- Miskolc Opera Festival: A prestigious opera festival that takes place every year in June in Miskolc, a city in northeastern Hungary. The festival features performances by renowned opera singers and orchestras from Hungary and abroad.
- Eger Wine Harvest Festival: A popular wine festival that takes place every year in September in Eger, a city famous for its red wine called Bull’s Blood (Bikavér). The festival offers wine tasting, gastronomy, folk music, and dance.
- Hortobágy Equestrian Days: A traditional event that takes place every year in July in Hortobágy, a national park that is home to the Hungarian cowboys (csikós) and their horses. The event showcases the skills and traditions of the csikós, such as horse riding, whip cracking, cart racing, etc.
- Szeged Open Air Festival: A theatrical festival that takes place every year in July and August in Szeged, a city in southern Hungary. The festival features plays, musicals, operettas, comedies, and dramas performed on an open-air stage in front of the cathedral.
- Szentendre Summer Festival: A cultural festival that takes place every year in July and August in Szentendre, a picturesque town near Budapest. The festival offers concerts, exhibitions, workshops, and street art by local and international artists.
- Győr Summer Cultural Festival: A diverse festival that takes place every year in July and August in Győr, a city in western Hungary. The festival offers music, dance, theater, cinema, literature, and gastronomy events for all ages and tastes.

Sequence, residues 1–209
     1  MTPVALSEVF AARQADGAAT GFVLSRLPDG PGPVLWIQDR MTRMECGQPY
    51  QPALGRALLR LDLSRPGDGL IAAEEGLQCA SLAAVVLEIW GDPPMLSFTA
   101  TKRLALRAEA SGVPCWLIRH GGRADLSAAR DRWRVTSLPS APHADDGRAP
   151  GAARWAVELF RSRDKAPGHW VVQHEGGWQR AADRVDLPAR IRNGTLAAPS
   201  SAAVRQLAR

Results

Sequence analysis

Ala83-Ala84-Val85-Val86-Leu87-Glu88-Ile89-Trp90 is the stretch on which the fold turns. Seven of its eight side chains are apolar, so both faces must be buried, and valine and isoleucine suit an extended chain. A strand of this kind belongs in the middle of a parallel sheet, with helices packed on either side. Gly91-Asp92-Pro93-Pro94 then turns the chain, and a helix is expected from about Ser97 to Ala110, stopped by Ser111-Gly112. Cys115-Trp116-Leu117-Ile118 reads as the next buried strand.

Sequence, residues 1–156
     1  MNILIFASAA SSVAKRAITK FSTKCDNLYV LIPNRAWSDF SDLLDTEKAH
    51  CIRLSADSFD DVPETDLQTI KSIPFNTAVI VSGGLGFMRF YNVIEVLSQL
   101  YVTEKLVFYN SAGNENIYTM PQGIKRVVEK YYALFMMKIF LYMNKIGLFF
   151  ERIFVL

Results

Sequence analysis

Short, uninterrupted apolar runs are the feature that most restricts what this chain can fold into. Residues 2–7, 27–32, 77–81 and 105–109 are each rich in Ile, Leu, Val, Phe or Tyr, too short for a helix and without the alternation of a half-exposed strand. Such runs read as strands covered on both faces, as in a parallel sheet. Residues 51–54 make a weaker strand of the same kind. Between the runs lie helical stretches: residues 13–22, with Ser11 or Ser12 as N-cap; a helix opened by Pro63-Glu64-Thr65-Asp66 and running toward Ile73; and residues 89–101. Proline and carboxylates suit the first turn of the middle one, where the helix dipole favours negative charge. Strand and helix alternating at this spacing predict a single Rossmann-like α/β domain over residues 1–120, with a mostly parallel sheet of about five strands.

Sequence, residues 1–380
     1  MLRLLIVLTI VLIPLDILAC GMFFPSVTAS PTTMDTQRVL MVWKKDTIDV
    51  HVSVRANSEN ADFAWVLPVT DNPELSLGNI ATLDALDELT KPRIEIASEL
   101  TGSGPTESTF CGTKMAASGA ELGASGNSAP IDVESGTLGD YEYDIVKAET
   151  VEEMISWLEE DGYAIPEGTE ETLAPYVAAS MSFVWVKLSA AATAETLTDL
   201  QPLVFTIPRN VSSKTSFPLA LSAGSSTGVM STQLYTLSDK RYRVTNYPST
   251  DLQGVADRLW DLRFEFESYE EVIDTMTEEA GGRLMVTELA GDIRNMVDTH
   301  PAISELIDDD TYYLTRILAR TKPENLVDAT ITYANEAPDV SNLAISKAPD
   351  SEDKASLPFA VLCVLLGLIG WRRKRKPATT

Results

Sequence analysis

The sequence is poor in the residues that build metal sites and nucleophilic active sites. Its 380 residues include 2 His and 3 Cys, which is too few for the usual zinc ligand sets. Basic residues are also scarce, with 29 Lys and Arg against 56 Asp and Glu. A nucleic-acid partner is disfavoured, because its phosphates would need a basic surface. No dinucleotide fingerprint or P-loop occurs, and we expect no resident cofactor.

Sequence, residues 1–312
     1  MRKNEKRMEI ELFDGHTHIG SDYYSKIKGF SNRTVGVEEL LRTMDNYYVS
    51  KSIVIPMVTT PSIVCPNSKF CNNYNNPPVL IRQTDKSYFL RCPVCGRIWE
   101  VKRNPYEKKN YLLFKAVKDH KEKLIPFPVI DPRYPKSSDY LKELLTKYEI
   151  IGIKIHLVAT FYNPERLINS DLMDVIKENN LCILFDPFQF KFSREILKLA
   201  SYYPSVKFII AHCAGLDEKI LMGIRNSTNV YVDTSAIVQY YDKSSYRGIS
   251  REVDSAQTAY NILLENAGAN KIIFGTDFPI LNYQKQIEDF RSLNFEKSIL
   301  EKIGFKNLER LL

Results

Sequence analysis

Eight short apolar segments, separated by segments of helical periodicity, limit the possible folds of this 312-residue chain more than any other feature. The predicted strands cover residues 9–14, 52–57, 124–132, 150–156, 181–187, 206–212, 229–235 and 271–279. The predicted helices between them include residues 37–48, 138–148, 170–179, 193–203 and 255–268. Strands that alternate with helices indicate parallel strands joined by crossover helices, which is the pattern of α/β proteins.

- Kőszeg Street Theatre Festival: A unique festival that takes place every year in August in Kőszeg, a town in western Hungary. The festival features street performances, puppet shows, circus acts, and fire shows by local and international artists.
- Savaria International Dance Competition: A competitive dance festival that takes place every year in August in Szombathely, a city in western Hungary. The festival features dancers from various countries and styles, such as ballet, modern, folk, jazz, etc.
- Sopron Early Music Days: A classical music festival that takes place every year in July in Sopron, a city in western Hungary. The festival features concerts by renowned musicians and ensembles who specialize in early music, such as medieval, renaissance, and baroque.
- Pannon Festival in Buda: A cultural festival that takes place every year in June in Budapest. The festival offers music, theater, literature, and gastronomy events that reflect the diversity and richness of the Pannonian region, which includes Hungary and its neighboring countries.
- Formula 1 car races at Hungaroring in Mogyoród: A sporting event that takes place every year in July or August in Mogyoród, a town near Budapest. The event attracts thousands of fans and spectators who watch the world’s best drivers compete on the Hungaroring circuit, which is known for its twists and turns.
- Bridge Fair in Budapest: A traditional fair that takes place every year in August on the Chain Bridge, one of the oldest and most iconic bridges in Budapest. The fair offers crafts, souvenirs, food, and entertainment for locals and tourists alike.